Franklin Fire Department engineer Jeff Boggs walked through a scene of scorched earth this week.
Going back to Gatlinburg after previously spending fall break there with his family, Boggs said the wildfire that ravaged 17,000 acres of Sevier County became a sight he had never witnessed.
“You have those memories of being in Gatlinburg, and this won’t replace them,” Boggs said. “But it’s like, I remember walking down this street that’s now completely burnt up.”
Boggs and nearly 50 others from Williamson County have spent the better part of this week fighting spot fires and becoming a part of search and rescue efforts after Monday night’s blaze tore through Gatlinburg and Pigeon Forge.
While Boggs said the main strip of town was OK, it was unlike anything he had ever seen before, remembering the massive amounts of traffic and sprawls of people that normally filter through during the holiday season.
“When we first saw how dark it was – how physically dark and the smoke everywhere – we were just coming out of Pigeon Forge,” he said. “We could smell the smoke. It was intense and intimidating.”
For the last few days, Boggs, along with the others from Franklin, spent the majority of their time on search and rescue efforts. They also put out small spot fires when they appeared.
By the time the crews from Williamson County arrived, the large fire had already been put out.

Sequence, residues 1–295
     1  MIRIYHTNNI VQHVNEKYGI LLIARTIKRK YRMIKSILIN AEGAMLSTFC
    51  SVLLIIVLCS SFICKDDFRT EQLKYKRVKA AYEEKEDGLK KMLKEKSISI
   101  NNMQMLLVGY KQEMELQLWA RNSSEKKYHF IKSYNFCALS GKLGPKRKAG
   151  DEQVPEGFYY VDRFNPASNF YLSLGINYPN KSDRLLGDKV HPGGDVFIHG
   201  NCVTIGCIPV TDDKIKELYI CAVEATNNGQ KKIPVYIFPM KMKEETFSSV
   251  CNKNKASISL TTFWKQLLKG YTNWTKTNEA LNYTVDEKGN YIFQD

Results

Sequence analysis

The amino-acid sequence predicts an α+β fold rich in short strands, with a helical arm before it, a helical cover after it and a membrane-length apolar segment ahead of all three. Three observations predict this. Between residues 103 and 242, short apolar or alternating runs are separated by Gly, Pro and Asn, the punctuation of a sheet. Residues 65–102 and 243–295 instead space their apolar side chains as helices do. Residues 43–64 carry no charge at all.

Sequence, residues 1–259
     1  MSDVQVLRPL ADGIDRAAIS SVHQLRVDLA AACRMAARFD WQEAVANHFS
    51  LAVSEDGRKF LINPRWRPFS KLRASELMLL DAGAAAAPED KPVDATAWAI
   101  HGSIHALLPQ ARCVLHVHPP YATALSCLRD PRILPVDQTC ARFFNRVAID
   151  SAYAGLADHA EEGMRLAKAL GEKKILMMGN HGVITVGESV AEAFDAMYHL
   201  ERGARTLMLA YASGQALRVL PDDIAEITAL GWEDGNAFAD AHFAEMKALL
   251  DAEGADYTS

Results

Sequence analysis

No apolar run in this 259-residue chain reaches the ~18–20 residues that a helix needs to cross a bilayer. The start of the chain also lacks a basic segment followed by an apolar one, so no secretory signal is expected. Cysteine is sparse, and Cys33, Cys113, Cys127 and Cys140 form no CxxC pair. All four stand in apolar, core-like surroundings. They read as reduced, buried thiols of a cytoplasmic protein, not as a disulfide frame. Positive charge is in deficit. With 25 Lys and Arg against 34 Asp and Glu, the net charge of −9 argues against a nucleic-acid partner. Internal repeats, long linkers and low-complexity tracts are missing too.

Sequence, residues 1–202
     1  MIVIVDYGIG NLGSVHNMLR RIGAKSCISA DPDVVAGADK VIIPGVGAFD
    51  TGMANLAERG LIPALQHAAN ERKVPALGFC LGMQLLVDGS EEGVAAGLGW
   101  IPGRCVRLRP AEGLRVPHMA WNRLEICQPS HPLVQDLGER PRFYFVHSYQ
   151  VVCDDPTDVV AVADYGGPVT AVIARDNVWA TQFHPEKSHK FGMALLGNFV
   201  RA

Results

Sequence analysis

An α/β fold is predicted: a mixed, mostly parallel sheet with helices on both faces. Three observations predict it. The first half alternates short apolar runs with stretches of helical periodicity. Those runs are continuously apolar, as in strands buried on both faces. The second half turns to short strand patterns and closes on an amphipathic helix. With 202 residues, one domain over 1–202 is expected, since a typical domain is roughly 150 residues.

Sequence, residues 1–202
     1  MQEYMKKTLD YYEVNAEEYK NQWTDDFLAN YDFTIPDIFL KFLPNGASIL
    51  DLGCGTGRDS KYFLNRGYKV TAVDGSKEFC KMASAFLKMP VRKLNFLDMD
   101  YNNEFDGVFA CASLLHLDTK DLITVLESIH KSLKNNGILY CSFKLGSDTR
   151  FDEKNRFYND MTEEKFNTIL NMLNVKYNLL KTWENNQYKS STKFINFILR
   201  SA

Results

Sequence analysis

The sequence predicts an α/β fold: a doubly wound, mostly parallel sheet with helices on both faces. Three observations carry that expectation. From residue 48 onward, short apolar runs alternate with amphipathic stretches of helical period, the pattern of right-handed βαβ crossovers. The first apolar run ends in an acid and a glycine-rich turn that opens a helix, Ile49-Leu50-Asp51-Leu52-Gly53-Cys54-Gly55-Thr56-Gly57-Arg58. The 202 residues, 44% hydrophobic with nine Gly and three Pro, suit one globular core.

Boggs said beyond that point of the main center of town is where it started to evolve into landscape more apocalyptic.
“That’s honestly the best way I know to describe it,” he said. “I’ve never seen fire on this scale, and I probably won’t see it again.
“The floods in Franklin were a big deal for me. I grew up in the area and knew all the places, but as far as disasters go, all I’ve seen are that and tornadoes. This is unbelievable. There’s just so much gone.
“You’re driving over down power lines that are dead. You’re weaving around trees that are down. We’ve had to cut our way up to some areas to do search and rescue operations. It’s very bleak up in those areas. Cars are on the side of the road just burnt.”
Boggs said he was able to join in the effort through a volunteer-told program, meaning he put his name on the list but had to have certain qualifications and skills to head to East Tennessee to assist.
He said he and others became happy to help and use their training for those who needed it the most.
“The situation is awful and even in doing what we do, we are going to see awful stuff,” he said. “But we are here to make it better. We are excited to offer what we have. There’s military, all kinds of state highway patrol and state this and that. There are people from South Carolina and as far away as Arizona. Williamson County is playing a role, and the Williamson County guys are a really good group.”
Boggs said he and the task force from Franklin will tentatively return Saturday morning.